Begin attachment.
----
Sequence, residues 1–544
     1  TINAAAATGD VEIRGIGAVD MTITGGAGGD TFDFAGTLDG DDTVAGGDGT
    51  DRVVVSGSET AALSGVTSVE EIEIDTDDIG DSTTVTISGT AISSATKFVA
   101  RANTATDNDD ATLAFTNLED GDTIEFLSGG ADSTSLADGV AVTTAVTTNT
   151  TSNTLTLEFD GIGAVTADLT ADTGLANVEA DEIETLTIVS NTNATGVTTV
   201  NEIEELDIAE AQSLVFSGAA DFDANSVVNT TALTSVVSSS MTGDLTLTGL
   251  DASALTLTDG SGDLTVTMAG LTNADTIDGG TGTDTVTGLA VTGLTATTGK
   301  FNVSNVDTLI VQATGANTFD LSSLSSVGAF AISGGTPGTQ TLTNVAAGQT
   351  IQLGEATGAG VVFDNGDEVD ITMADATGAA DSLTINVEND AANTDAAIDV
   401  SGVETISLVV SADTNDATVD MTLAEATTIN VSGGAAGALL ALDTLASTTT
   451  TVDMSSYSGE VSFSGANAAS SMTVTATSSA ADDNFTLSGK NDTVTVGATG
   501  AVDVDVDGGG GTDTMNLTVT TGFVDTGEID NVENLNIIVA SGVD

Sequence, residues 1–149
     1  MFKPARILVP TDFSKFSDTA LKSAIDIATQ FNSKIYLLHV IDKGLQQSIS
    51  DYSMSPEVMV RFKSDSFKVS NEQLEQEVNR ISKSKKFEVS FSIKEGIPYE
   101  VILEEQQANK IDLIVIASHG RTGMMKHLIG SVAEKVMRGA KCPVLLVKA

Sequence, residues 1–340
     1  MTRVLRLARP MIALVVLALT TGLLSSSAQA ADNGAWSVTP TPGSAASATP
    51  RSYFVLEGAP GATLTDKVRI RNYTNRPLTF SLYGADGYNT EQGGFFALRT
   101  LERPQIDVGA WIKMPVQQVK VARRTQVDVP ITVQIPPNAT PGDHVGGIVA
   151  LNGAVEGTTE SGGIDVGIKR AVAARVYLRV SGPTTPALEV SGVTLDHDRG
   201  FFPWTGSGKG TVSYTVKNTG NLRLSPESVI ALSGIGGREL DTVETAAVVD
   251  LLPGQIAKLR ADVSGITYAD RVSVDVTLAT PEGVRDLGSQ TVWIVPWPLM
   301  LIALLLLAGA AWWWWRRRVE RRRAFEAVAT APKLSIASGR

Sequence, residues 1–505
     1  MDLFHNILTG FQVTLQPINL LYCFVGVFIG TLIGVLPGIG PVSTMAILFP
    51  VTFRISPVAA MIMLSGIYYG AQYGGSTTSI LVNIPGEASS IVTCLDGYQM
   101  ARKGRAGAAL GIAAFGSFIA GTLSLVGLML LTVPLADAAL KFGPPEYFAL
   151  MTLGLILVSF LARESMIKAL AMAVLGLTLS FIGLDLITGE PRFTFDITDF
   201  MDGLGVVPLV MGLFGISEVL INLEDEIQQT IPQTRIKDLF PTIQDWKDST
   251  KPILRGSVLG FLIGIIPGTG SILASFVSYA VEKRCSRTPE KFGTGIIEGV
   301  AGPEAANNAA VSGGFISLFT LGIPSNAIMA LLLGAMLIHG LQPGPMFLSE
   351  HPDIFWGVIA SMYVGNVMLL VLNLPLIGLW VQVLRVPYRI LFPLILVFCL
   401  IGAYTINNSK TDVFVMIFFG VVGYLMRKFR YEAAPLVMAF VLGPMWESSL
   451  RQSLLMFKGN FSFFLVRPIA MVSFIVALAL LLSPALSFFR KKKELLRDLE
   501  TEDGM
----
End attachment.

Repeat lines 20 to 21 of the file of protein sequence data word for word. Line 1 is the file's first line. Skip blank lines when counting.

   101  LERPQIDVGA WIKMPVQQVK VARRTQVDVP ITVQIPPNAT PGDHVGGIVA
   151  LNGAVEGTTE SGGIDVGIKR AVAARVYLRV SGPTTPALEV SGVTLDHDRG